unlocked box

Beyond “I’m NOT Creative” – Even Practiced Creative People Have Fear

Philosophizing about internal creativity saboteurs when a creative undertaking is NOT in front of you is a totally different ball game from confronting and navigating that same saboteur when an actual creative opportunity has presented itself.

The reality is we can talk about our fears forever, but unless we put ourselves in fear-inducing creative situations and practice navigating the saboteur voices, we stay stuck. We miss chance after chance to take the next step toward developing saboteur navigation skills we can count on.

The very genuine responses to Unlocked Box’s periodic Sandbox Challenges on Facebook suggest that many of us spent at least some time staring our creativity saboteurs square in the face. Some may have even wondered if they’d ever be able to make the “I’M CREATIVE!” claim for real. 

And this is great. It means we have the chance to take that next step – because:

If you felt any level of fear at all about the Sandbox (or any creative opportunity you’ve had recently), you took a risk.

You opened the door (no matter how far); you moved out of your comfort zone (if only by a step); you allowed yourself to go far enough to put your saboteurs on high alert: 

“Hey, GUYS! She’s about to stick her neck out!

Everyone to your posts! Stop her by whatever means necessary!!!

DO NOT LET HER MAKE A FOOL OF HERSELF.”

Even those who contributed a comment – experienced some level of saboteur harassment.

The only difference is how much practice and skill a person has in navigating the saboteur onslaught. The reality is we’re all in the same boat.

And that does sound true, doesn’t it? Yet our human tendency to judge our insides by other people’s outsides means that, at times, we can feel like we’re the only ones who are scared.

So, it can help to know that even though the creativity saboteur singing in the practiced creative person’s ear may not be straight-up saying, “You’re not creative,” it is saying SOMETHING. And to move forward that person still has to navigate the fear. After all, any saboteur voice has the potential to steer us into the rocks, stopping us from taking life-enhancing, game-changing, goal-getting creative chances.

Shifting from panic around creativity (or whatever the emotion is for you) to power (the ability to move forward despite the saboteur) is one of the most important works of our lives. Sleeping within our inherently creative selves are tangible gifts of our creativity. Gifts so magnificent, they’re worth taking the next step. Starting now.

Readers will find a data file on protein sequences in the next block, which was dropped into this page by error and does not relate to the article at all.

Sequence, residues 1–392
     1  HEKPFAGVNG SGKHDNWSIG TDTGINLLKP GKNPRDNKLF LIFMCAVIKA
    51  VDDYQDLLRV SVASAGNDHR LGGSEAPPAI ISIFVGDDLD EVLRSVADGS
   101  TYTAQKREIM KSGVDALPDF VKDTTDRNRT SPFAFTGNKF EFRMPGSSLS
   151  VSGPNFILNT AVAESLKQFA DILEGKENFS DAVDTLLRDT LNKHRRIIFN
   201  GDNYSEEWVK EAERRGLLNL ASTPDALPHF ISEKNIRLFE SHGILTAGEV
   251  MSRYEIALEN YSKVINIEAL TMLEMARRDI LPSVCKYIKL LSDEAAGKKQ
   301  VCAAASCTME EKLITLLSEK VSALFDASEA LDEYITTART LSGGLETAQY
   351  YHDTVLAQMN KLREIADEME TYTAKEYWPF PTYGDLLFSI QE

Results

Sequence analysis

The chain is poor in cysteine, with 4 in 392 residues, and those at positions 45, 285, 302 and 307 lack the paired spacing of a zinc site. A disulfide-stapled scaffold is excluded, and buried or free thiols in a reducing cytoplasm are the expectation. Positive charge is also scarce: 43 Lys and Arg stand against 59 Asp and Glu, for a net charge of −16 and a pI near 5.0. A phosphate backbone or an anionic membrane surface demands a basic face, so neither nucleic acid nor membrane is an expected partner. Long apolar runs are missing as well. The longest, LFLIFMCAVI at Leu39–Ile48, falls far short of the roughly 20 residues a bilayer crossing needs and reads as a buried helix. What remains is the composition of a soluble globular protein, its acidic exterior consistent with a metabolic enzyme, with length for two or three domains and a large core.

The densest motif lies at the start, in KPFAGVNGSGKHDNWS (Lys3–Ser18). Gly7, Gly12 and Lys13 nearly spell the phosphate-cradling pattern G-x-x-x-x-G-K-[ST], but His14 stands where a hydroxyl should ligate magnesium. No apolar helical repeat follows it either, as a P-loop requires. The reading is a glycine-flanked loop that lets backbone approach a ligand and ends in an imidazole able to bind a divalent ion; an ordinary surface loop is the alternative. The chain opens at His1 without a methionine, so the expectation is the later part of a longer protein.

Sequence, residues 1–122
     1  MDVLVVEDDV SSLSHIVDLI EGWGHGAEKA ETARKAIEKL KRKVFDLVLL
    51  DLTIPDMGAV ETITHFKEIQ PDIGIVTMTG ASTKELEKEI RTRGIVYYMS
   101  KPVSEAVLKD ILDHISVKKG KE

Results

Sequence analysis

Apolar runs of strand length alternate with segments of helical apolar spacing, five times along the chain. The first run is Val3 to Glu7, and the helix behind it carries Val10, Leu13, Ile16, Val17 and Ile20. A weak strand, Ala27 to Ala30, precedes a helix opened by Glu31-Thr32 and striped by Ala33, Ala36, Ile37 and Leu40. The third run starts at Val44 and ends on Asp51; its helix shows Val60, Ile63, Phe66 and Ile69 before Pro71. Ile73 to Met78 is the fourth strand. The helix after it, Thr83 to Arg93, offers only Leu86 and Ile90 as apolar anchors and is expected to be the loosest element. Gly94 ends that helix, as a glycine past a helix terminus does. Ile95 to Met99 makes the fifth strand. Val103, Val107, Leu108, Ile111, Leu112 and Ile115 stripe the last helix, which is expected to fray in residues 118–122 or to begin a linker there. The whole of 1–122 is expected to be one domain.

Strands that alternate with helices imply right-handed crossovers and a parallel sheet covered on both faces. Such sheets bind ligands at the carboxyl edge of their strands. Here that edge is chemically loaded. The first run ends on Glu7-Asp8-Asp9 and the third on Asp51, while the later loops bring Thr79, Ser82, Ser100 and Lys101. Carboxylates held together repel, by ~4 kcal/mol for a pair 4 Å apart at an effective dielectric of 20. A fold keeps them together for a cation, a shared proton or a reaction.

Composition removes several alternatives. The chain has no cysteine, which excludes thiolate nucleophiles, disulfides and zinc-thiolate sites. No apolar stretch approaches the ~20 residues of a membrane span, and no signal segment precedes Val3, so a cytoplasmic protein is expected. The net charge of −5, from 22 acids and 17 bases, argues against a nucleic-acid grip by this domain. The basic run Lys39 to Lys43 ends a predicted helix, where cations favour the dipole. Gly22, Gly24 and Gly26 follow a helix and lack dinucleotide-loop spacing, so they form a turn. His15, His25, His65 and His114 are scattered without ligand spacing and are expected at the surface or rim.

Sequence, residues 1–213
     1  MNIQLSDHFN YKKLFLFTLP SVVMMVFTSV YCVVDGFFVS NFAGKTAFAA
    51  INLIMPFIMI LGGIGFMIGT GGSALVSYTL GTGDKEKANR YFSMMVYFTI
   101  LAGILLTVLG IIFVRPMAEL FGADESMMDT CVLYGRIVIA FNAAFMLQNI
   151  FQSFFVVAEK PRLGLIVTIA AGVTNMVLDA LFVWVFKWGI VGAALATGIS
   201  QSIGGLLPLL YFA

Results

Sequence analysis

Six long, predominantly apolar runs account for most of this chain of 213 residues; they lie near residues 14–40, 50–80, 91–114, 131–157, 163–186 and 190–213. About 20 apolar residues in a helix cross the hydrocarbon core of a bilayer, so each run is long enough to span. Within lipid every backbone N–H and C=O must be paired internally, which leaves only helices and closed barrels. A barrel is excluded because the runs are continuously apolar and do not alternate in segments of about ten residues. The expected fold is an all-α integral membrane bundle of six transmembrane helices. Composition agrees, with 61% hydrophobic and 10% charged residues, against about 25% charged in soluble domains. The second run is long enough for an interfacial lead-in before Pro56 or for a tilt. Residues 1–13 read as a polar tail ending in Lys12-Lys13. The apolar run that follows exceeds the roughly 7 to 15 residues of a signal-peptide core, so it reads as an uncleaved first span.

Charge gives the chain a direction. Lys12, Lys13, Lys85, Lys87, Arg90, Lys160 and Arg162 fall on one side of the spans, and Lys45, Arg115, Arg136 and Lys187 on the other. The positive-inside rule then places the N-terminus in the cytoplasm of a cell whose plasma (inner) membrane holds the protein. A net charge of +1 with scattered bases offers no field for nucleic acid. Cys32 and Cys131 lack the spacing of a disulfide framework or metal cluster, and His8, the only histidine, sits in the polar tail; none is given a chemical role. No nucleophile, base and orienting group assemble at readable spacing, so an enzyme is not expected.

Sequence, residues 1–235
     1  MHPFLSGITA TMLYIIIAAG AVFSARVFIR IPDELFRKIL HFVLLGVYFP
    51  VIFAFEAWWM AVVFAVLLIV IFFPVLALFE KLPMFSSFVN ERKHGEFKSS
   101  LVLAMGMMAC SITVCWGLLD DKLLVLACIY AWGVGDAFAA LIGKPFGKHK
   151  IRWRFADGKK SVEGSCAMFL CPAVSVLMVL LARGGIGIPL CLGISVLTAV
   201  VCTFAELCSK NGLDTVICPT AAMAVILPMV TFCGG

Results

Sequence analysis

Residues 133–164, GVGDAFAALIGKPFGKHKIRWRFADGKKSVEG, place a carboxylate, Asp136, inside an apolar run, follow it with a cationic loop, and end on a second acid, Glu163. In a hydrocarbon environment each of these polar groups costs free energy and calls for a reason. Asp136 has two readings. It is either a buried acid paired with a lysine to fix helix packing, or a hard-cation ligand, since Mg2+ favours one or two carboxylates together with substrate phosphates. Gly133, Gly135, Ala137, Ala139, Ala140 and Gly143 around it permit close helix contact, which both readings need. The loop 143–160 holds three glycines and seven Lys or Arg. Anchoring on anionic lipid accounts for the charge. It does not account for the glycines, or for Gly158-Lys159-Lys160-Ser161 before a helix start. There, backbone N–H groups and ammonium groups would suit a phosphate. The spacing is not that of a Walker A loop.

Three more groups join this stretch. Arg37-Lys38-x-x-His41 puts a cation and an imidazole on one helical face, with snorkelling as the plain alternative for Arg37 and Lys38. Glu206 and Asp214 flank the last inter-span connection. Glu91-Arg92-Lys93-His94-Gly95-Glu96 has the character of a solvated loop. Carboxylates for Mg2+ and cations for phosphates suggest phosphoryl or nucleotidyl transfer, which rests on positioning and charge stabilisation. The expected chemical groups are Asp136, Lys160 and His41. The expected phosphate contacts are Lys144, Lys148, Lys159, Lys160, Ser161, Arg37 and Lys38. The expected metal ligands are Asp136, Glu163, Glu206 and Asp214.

Engaging the Saboteur:

  1. Ask someone you consider highly creative what fears she or he encounters when faced with a creative challenge, idea or project.
  2. Take a look below my sign off for a few of the common saboteur voices practiced creative people hear.

To leveling the playing field,

Susan B.

BEYOND “I’M NOT CREATIVE”

The limiting beliefs, negative self-talk and internal critic sayings that can run through even the most experienced creative person’s mind:

Sure, I was creative last time, but I got lucky.
Sure, I was creative last time, but I had help.
Everyone liked what I did last time, I can’t risk losing their good opinion of me by trying something new.
Okay. Everyone says I’m great, but I know the truth.

I have to be brilliant – EVERY TIME.
I’ll never be as good as those guys.
They don’t know that it’s easy for me. It doesn’t count if it’s easy.
I’m struggling with this, I’ve lost my spark.
I took lessons. That’s the only reason I’m good.
I better not (do, say, create) THAT! I’ll look (stupid, silly, amateurish).

I should be better than this by now.
My (poem, painting, meal, formula) was rejected. I suck.
If they don’t like my work, they don’t like me.
If I’m successful, I’ll have to do it again – and that’s too much pressure.
It’s not the right time.
I don’t have the (money, time, talent) to pursue my creative dreams.
I’m a phony.
What if I fail?

I’m not creating ENOUGH. Everyone else is so prolific.
Thanks, but I’m not a real (poet, artist, chemist, chef).
ABSOLUTELY ANY AND EVERY “SHOULD,” “COULD,” OR “WOULD.”

So, this list is very incomplete. I SHOULD have researched it more. What are the REAL creatives going to say? They’re going to find out I DON’T KNOW ANYTHING! Maybe I COULD just hit DELETE. 

Susan B.